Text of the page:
You forgot What? Managing Expectations
You forgot What? Managing Expectations
by RUTH THOMAS - Dec 29,2015

A customer orders a fishing boat. It’s a decked-out beauty. Teak decks. Twin Cummings diesel engines. Flybridge. Tuna tower. Sonar. Radar. Posh salon. Lifeboat. VHF radio. It’s sold as a turn-key package: ready to go. Hop aboard; go fishing.

The owner is a new dot-com zillionaire, but he has no experience piloting a boat. He flies off to the Canary Islands to take ownership. Then heads offshore with a boat-load of friends. Ten miles out of the harbor, the boat runs out of fuel. There is no anchor and no anchor line. The boat drifts for 6 hours side-to in a heavy swell, his passengers become violently seasick. The captain is humiliated when the coast guard arrives and puts a mate on board to take command of the vessel. They levy a fine for safety violations.

What happened? The client (the boat owner) purchased what he thought was a turn-key system. He assumed that since it was turn key, it was ready-to-go. The vendor (he built the boat) knows there are certain things a boat captain must do every time he gets on board: fill the fuel tank and make sure there are enough life-jackets to go around. The owner did not think about buying an anchor and rope because the boat was sold as “turn key.” The problem here is communication.

 

Expectations

In a software project there is little risk of getting seasick, but setting expectations with the client is still important. The client will be frustrated if:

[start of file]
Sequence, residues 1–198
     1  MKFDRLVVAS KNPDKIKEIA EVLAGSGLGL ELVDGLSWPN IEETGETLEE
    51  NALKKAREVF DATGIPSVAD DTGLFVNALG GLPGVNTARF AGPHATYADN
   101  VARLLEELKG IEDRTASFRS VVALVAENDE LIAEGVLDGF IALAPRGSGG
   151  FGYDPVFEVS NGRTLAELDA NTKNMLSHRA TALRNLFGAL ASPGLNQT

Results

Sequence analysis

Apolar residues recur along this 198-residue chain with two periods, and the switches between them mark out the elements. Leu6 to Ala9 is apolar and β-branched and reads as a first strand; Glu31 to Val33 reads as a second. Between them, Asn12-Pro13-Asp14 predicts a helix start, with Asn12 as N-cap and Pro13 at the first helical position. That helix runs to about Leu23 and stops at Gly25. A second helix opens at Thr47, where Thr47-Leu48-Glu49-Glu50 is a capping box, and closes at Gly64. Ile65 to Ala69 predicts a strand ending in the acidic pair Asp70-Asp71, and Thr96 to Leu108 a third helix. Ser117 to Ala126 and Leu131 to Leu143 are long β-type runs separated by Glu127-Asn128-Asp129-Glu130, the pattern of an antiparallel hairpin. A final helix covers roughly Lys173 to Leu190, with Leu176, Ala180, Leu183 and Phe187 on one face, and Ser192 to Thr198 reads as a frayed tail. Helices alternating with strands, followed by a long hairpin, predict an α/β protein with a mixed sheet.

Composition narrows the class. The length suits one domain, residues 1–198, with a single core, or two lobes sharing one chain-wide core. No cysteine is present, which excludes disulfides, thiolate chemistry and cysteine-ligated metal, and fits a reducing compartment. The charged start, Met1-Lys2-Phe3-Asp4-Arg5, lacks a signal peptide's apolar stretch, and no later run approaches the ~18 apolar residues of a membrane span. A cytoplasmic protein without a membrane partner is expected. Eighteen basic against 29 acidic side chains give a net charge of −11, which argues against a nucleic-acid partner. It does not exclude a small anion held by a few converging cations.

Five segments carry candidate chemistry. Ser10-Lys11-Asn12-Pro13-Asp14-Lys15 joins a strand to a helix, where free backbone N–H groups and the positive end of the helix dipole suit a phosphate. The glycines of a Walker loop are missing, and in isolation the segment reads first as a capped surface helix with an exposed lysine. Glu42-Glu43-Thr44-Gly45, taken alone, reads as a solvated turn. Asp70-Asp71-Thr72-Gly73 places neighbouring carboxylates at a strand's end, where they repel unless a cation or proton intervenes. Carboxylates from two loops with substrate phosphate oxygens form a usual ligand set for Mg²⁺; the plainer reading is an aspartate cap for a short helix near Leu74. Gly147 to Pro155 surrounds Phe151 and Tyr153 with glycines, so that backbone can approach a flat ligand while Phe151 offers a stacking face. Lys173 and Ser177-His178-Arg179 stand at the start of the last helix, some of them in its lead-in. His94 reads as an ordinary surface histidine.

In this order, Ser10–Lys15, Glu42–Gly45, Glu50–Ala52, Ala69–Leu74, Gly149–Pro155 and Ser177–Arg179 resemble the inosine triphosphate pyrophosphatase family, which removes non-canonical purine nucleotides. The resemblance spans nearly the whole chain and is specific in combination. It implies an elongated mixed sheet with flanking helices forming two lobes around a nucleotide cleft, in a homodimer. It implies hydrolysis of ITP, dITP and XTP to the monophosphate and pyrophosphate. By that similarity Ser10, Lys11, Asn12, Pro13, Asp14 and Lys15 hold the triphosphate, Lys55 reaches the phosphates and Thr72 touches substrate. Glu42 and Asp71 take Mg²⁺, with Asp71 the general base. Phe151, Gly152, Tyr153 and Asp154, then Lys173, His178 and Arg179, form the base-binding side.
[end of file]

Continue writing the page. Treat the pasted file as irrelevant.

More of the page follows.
1) the system integrator said he would provide the most experienced staff, yet junior programmers are dispatched to the project

2) the system integrator said it would take 6 months to deliver the software, yet 9 months later, nothing is in production

3) the client has had to engage more of his own employees on the project than was initially suggested; affecting their other work

4) the budget is blown

A well-written proposal and request-for-proposal could address these resource, performance, and budget issues ahead of time. Scope must be spelled out. Programmers can get bogged down working on requirements that are only 'Nice to Have' and out-of-scope.

Someone needs to communicate status, address issues, and set expectations up and down the chain-of-command. At the top, the project sponsor needs visibility into project status and needs to know about blocking issues before they become a crisis. There might be the tendency to relay good news to the client while glossing over bad news.

A lot can change from the time the contract is signed to when the implementation is well-underway. If the project has wandering off course, it is necessary to sit with the client again and agree on goals, resources, and timelines. If the wrong project manager is assigned to the project, the system integrator might have to add another resource to manage communications. Some people have the ability to communicate at the executive level, others do not.

Budget. Unless this is a fixed-price project, the budget is a point of continual negotiations. The client and vendor have to agree on time reporting and time approval procedures. It causes stress for the project sponsor to go back to management to seek additional funding.

Good communications are needed to manage expectations and deliver projects successfully.

About Geeks Ltd

Based in south London, we are one of the fastest growing software development companies in the UK. 

Our passion is business efficiency enhancement for our clients via smart application of automation techniques.We are winners of international awards for our innovations in business productivity. 

We have attained Gold Certified Microsoft Partnership level which represents our highest level of competence and expertise with Microsoft technologies as well as our close working relationship with Microsoft.At this level we have been granted access to exclusive Microsoft resources and support, access to the Partner Knowledge Base, and many other advantages which contribute to our capacity to meet our clients needs.